Sandra Troian a physicist at CalTech, has filed a complaint against the school, alleging violations of the California whistleblower protection statute and breach of contract, among other things. Troian alleges that she had reported that the school had been infiltrated by a spy who was sending classified information to the Israeli government. Troian alleges that the school ignored her because it did not want to endanger a large contract with Jet Propulsion Laboratories. She further alleges that the school has retaliated against her for blowing the whistle.
Friday, November 21, 2014
A student shared with me this flyer that her father received. I have provided a large reproduction so that readers can read the fine print, which is really the focus of this post.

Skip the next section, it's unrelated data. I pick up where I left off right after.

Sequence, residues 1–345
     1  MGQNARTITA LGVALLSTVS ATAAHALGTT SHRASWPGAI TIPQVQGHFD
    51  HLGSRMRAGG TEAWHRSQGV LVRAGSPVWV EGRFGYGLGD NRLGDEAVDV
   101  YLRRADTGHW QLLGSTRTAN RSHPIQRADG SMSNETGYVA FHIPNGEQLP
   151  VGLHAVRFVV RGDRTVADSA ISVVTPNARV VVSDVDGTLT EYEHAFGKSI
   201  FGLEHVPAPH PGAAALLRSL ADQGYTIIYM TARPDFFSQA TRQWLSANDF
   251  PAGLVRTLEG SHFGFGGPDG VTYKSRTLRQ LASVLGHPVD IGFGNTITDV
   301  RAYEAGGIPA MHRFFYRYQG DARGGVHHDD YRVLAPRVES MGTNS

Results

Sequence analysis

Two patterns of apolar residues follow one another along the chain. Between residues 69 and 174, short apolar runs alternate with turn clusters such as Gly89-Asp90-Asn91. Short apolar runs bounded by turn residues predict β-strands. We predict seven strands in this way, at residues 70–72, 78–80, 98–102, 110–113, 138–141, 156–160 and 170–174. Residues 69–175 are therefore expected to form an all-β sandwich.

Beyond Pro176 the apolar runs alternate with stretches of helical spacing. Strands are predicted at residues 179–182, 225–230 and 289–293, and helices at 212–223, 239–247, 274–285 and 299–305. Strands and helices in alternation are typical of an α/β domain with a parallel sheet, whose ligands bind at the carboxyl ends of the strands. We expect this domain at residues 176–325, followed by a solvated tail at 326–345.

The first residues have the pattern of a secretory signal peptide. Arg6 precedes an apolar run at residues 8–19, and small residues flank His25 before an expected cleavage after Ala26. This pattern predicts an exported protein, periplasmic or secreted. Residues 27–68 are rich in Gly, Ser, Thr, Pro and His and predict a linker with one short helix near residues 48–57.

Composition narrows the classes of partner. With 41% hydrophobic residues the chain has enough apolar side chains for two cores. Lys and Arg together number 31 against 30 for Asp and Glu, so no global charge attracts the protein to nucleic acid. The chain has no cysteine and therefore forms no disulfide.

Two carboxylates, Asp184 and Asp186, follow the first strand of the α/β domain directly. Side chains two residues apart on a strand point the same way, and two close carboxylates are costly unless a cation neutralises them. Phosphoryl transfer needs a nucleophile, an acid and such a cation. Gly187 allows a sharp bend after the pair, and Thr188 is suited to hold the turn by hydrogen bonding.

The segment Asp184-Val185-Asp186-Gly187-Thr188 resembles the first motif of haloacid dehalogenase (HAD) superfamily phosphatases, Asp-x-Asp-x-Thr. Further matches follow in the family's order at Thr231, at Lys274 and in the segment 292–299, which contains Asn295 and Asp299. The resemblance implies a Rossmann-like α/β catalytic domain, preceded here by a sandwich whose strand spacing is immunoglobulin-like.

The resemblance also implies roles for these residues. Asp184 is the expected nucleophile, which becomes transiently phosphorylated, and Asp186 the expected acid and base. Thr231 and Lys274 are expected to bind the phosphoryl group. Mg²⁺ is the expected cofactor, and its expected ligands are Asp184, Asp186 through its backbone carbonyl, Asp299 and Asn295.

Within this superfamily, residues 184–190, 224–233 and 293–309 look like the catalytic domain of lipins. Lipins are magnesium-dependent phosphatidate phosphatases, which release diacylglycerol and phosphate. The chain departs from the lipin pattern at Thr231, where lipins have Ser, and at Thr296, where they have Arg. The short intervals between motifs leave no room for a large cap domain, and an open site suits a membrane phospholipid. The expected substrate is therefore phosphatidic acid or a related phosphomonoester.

On my reading, the meaning of this is as follows: if
- You made the mistake of having previously subscribed to the newspaper; and
- You have the temerity to continue living at the same address; and
- You do nothing else,
A newspaper will be delivered to you on Thanksgiving.
Regardless of what you do with it, your inaction will be deemed consent to future deliveries and you will be charged unless you call the newspaper and put a stop to it.
This "offer" is a turkey, and those receiving it should tell the newspaper to stuff it.
Meredith Miller started blogging here before I did. She holds the record for the contributing editor with the longest tenrue on the blog.
Her lively, quirky posts were one of the things that attracted me to this site and made it worthwhile to keep coming back. She has been a steady companion, sounding board and dedicated contributor to our blog, and we will miss her contributions.